Over the course of 11 missions, Apollo astronauts embarked on a series of firsts: the first time men orbited the moon (Apollo 8), the first men to land on the moon (Apollo 11), and, sadly, the first (and only) rolls of film that were left on the moon (Apollo 12).
Each mission came with a list of images to capture. For the moon missions, the astronauts were given charts, called “targets of opportunity,” which mapped out sites to capture and how best to capture them, including which film, lens, and camera settings to use.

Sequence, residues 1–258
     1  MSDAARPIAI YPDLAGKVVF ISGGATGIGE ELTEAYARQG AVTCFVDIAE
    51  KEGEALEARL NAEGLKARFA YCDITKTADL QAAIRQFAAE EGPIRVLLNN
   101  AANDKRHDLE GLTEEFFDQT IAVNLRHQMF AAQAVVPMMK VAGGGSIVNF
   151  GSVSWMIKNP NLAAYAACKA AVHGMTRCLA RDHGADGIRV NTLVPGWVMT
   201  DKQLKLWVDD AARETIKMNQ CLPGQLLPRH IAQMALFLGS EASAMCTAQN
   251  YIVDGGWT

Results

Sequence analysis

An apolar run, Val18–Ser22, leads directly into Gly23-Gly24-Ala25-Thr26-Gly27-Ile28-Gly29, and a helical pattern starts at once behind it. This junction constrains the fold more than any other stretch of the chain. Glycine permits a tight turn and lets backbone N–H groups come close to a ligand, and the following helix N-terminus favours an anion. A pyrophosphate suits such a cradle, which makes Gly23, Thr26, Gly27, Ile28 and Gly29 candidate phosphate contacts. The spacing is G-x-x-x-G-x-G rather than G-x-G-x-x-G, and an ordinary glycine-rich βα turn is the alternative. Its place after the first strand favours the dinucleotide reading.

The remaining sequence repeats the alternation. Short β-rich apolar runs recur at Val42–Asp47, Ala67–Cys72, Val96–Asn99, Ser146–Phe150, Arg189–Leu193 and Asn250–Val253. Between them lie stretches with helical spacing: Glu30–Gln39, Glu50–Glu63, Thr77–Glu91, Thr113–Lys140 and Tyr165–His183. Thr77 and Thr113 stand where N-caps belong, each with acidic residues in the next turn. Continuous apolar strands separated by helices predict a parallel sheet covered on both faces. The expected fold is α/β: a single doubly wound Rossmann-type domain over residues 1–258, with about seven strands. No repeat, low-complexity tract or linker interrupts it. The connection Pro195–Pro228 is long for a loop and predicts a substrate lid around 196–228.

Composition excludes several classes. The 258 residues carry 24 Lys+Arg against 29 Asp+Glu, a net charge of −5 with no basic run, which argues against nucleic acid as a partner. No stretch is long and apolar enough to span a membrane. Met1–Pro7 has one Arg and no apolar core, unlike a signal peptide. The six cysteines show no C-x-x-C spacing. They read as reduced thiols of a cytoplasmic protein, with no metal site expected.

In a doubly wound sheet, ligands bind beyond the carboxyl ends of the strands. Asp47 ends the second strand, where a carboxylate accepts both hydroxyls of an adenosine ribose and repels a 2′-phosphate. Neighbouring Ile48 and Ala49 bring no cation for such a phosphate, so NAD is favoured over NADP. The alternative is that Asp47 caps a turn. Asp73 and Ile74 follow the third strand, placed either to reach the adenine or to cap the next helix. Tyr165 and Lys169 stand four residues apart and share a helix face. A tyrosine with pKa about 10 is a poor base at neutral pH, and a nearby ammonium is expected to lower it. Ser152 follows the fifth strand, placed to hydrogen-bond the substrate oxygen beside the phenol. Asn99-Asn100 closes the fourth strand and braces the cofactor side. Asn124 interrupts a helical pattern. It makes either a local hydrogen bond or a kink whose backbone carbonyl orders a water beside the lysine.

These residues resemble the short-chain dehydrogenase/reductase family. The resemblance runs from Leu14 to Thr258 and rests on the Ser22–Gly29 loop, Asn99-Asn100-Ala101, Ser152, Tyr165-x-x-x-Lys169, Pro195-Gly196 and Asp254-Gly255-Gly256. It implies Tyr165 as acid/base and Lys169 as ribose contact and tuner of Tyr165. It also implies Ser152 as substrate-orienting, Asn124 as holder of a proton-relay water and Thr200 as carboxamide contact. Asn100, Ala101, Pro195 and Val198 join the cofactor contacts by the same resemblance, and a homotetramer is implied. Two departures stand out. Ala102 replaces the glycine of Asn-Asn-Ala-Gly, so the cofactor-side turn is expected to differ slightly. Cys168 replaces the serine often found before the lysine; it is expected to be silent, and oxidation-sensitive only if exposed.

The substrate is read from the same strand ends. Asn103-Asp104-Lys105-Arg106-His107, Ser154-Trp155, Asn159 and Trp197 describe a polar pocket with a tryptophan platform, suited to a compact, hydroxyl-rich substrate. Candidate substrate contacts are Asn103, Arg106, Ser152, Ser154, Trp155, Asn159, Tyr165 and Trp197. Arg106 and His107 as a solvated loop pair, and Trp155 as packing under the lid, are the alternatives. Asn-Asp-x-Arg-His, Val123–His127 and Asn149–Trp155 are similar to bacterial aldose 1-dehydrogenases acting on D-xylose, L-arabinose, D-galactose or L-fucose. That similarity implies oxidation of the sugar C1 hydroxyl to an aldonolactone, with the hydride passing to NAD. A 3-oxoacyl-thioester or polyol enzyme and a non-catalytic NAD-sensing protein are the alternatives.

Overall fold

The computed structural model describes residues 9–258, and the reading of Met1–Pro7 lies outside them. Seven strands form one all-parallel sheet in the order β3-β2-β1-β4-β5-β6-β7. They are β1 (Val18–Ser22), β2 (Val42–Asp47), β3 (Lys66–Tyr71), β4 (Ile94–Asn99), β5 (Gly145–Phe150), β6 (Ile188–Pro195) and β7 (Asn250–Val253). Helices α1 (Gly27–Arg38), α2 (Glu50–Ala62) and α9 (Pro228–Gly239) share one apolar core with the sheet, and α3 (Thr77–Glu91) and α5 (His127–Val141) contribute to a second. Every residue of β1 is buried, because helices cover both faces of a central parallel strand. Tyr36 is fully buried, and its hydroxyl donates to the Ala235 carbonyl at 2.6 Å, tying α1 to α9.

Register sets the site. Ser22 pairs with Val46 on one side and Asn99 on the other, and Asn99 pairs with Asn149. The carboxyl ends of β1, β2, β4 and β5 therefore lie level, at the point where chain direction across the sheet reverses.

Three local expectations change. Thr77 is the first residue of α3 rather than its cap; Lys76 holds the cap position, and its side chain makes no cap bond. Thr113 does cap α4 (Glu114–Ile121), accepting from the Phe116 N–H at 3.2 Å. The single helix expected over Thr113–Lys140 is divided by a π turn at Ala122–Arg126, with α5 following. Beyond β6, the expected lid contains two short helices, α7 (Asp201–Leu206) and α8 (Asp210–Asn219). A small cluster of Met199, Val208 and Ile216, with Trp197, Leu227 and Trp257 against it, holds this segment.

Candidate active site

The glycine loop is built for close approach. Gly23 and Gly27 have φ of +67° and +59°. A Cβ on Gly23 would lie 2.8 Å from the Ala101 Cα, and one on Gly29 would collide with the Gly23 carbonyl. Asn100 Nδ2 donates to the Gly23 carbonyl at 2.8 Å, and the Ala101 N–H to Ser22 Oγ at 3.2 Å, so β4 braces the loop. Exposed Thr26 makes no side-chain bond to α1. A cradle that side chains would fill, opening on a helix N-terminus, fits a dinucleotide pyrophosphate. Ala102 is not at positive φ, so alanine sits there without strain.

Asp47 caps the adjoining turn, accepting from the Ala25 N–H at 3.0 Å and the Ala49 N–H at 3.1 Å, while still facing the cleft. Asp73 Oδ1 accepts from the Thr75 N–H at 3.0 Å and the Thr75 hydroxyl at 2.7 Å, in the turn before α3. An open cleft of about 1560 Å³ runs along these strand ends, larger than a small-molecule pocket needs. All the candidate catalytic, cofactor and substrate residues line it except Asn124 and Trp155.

Some of the images taken for scientific purposes have become iconic. Edwin “Buzz” Aldrin’s photograph of his space suit’s footprint, for instance, shot during the first moon landing in 1969, was actually taken to examine the nature of lunar dust. The photographs that astronauts took with their extra film have been equally important, such as Earthrise (1968), one of the most famous views of our home.